We must all honour our right to remember
Many people will applaud the decision of Prime Minister David Cameron to have a special commemoration of the beginning of World War I.
It was a conflict of bloody slaughter which left no part of these islands untouched by the deaths of the finest young men.
Quite rightly Mr Cameron said he wanted a truly national remembrance which captured the spirit in every corner of the country. Except that it is not every corner of the UK which will share in his dream. Just over £5m has been earmarked for an educational programme for schools, which includes funding trips to the battlefields. But it is only for English schools. What about the rest of the UK, whose children are also the descendants of those who fought, and in many cases died, on those battlefields? The question now is who will pay for those children.
Northern Ireland's new Secretary of State Theresa Villiers has vowed local children will not miss out. She has pledged to work with the Executive to ensure that schools who want to participate in battlefield visits can do so. In the absence of funding from Mr Cameron's pot that is the next best thing and hopefully local politicians will speedily agree to fund the educational programme.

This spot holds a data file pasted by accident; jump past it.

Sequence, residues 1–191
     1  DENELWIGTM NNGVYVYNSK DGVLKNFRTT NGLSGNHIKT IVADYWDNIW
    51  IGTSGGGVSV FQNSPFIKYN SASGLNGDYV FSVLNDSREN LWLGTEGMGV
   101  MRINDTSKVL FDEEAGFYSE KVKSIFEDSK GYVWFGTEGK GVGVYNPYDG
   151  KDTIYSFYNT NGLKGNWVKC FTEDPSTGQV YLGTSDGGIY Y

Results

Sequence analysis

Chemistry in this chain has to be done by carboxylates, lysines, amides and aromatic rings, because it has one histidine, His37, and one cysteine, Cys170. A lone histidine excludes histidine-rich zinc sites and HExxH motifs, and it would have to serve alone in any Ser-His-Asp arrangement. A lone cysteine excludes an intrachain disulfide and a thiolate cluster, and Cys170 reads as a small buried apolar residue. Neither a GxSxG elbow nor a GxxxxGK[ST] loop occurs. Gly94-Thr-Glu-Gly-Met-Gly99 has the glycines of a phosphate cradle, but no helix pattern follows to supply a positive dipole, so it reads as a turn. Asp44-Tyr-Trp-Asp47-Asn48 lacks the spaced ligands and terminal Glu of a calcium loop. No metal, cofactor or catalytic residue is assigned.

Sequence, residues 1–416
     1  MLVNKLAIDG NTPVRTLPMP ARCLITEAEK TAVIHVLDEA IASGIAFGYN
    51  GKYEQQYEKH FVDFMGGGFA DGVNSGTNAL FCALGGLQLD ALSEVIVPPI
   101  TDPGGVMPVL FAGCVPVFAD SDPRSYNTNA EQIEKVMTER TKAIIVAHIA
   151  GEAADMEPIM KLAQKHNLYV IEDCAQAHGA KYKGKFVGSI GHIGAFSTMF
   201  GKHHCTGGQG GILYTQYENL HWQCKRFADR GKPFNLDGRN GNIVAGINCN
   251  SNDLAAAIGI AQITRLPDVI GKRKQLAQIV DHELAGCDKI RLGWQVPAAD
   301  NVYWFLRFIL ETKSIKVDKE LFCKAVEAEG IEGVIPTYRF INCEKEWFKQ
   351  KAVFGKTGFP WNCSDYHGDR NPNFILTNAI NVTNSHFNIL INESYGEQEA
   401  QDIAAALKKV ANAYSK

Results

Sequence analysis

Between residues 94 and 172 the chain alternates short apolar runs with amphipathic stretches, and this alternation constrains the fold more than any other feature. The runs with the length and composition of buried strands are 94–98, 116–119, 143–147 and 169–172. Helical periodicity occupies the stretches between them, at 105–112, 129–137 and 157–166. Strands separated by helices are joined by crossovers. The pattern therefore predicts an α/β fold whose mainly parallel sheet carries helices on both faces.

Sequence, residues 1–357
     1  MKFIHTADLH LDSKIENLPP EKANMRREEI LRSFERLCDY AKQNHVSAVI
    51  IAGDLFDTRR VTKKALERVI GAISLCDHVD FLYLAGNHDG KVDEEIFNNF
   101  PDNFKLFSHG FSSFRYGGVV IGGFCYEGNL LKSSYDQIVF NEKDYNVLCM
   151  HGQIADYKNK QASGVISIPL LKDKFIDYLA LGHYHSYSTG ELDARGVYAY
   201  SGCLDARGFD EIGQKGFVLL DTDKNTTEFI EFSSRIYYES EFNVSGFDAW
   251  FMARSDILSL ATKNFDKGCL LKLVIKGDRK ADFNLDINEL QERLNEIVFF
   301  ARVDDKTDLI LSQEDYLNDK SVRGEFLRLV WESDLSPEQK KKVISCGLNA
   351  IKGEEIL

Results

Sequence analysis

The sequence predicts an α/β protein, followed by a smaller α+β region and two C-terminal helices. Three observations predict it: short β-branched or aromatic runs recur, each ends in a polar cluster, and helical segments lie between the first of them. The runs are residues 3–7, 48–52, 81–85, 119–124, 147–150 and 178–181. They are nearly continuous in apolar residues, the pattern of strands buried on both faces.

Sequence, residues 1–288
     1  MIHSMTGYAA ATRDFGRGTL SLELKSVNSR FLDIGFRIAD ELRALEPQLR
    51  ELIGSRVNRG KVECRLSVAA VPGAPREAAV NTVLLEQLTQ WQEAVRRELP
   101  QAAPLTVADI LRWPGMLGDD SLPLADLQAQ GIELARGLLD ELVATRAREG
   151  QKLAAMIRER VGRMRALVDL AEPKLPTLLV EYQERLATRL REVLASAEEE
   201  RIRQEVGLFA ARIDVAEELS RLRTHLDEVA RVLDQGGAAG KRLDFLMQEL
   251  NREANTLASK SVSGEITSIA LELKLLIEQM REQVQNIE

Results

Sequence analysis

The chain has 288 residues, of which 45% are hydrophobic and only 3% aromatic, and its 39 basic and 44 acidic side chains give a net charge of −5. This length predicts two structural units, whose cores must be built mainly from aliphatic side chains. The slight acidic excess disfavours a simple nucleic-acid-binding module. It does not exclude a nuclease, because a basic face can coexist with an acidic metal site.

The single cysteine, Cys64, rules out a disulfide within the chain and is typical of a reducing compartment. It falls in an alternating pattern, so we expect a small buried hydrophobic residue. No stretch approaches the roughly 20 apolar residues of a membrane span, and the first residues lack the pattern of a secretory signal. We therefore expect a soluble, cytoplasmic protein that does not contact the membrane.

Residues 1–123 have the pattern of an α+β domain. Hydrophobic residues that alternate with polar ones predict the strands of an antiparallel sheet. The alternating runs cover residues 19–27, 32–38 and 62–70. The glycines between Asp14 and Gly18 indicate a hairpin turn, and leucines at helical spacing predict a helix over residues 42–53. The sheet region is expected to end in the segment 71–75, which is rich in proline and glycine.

While nationalists in all parts of Ireland for decades were almost in denial of their community's valourous role in World War I, recent governments in the Republic have attempted to redress the balance and now openly acknowledge the sacrifice made by so many of its citizens a century ago, at just the same time when the fight for Irish independence from Britain began.
On this side of the border nationalist politicians have grudgingly acknowledged the dead of World War I with even Sinn Fein laying a wreath in Belfast to the dead from the Battle of the Somme.
World War I had a huge impact on the history of this island, north and south, and it is right that future generations should learn about it. Trips to the battlefields are still very emotive occasions, even after a century, and those who want to go, from whatever tradition, should be given that opportunity.